Choosing my rainbow baby’s sperm donor
Fran’s first blog ‘Going it alone – with a sperm donor’ explaining why she chose to use a sperm donor to conceive her very much wanted baby elicited a lot of interest and – for those of us unfamiliar with sperm donation – a lot of questions too. We asked Fran to explain a bit more about the process and how it may impact both her and her child in the future.
I am an SMBC – Single Mum By Choice – and spent a lot of time researching the ins and outs of
using a sperm donor in order to reach my ultimate goal – to be a mummy to my own very much wanted baby. I thought I would expand a little about how this process worked for me.
The donor of my rainbow baby was actually the fourth donor I used. The first one unfortunately resulted in my miscarriage and due to the fact he was a two and a half hour drive away from me and wanted substantial payment for 'expenses' I decided to find someone more local (although not too local – I don't want to be bumping into them whilst shopping in the supermarket!). I tried two more donors but after several attempts was unable to fall pregnant. The entire process was extremely overwhelming and time consuming, so I decided that I needed to take a break.
I could have chosen a different route and achieved pregnancy using an anonymous donor through a clinic. However, whilst I could achieve the things that were important to me this way, I felt that going down the private route of ‘pregnancy by known donor’ gave me slightly more control over the situation. For example, I want my child to be able to contact the donor once they are 18 (or sooner if the donor agrees). Also, I didn’t want to use a donor who plans to donate sperm lots of times to numerous different woman. This could potentially result in my child having lots of siblings out in the world (possibly living quite locally too) which could impact them in later life. Looks are important to me too – obviously there is a good chance that my child will look like the donor.
Choosing a donor privately has difficulties too as much of the process relies on gut instinct. It is rather like using a dating website and having to sieve through lots of weirdos to find the honest and genuine guys. It’s not something that can be rushed as its very challenging to trust a complete stranger with such a massive and life changing decision.
It is actually illegal to sell sperm in the UK, however, the donor can claim expenses such as fuel, travel costs, hotels etc if needed. I certainly racked up a few pounds on my credit cards last year, including lots of travelling and hotel stays myself. Some adverts are so ridiculous that they really made me chuckle (but dismiss them immediately too!) You would be surprised by the amount of extremely poor grammar out there. Plenty of men (and women using websites such as co-parents couldn’t even spell the word ‘donor’ – yes they would quite often refer to the good old take away on a Saturday night – doner (kebabs)! 😊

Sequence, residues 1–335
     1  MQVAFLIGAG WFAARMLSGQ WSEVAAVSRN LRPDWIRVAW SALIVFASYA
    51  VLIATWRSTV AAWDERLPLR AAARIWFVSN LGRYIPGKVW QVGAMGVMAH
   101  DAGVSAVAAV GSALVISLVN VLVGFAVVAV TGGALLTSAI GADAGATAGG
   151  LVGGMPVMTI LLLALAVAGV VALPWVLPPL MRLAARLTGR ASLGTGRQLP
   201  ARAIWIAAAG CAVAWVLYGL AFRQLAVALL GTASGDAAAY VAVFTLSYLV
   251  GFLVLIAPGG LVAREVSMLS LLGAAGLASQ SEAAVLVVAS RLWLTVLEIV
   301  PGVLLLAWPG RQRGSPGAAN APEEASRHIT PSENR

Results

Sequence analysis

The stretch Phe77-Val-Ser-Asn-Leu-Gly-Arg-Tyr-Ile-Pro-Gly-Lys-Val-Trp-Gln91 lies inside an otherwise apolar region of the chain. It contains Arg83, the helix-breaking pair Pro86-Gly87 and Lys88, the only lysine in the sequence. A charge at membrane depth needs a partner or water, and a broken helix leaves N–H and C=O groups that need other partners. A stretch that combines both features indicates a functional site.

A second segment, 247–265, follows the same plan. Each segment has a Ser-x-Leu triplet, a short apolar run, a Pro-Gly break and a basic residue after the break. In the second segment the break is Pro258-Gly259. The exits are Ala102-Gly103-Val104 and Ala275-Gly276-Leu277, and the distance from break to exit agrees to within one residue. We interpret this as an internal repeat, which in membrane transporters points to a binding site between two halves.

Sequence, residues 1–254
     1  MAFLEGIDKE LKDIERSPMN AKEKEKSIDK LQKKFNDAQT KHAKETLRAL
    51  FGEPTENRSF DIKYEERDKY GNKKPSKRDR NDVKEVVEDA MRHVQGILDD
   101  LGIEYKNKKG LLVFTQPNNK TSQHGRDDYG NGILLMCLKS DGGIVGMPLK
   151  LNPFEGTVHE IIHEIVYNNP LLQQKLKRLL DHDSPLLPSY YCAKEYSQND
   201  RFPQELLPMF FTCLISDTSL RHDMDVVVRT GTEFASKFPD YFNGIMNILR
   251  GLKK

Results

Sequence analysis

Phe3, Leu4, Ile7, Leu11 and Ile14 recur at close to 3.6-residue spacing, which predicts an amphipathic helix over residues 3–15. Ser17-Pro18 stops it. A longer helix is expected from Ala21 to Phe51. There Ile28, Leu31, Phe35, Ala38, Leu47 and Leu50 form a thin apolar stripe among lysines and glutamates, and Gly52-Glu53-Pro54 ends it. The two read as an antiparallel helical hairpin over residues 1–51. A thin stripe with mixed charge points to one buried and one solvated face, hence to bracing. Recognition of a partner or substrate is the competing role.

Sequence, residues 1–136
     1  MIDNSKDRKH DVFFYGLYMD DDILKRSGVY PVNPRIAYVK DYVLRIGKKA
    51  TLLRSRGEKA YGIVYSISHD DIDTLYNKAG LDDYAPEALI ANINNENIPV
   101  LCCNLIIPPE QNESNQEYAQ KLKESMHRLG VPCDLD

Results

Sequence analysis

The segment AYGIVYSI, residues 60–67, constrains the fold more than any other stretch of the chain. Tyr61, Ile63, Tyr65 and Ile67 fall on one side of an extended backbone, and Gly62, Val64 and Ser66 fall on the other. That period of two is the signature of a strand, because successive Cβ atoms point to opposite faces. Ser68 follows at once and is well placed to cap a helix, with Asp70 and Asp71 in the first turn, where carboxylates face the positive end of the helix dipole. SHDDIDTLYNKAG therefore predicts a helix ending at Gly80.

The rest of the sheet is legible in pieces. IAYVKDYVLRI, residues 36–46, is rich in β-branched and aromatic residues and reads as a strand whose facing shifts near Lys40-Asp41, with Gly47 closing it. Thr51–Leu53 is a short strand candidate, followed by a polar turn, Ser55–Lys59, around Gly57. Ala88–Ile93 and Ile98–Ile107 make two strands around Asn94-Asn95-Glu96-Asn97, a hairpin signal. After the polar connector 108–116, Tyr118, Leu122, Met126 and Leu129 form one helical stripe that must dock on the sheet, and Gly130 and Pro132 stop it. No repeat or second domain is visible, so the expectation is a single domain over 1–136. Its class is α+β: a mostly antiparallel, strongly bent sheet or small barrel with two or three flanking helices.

My sperm donor
So back to this donor, I met him online and we started chatting and exchanging messages, it was mainly me asking tons and tons of questions to figure out if he was the right fit or not. We chatted for several months and also face-timed a couple of times. He seemed like such a genuine guy and was really flexible when I needed to move dates around etc. I still have contact with him now. He said he would like to be kept up to date throughout the pregnancy and once the baby has arrived. How much or how little contact he will have after the baby has arrived is something I'm not sure about yet in all honesty. I'd originally envisaged sending updates on birthdays and Christmas, but guess this is something we will figure out and discuss at a later date.
I'm more than happy for my child to know all about him. I'll explain the story and show them pictures, but there is that fine line of them understanding that he plays no part in our lives. He won't contribute to the upbringing of the child in anyway. He's not a father, he is a donor.
There are lots of books on the market all about solo parenting and explaining that families come in all different shapes and sizes these days. I intend to read and do lots of research in readiness for when the child is old enough to start asking questions.
Wish me luck!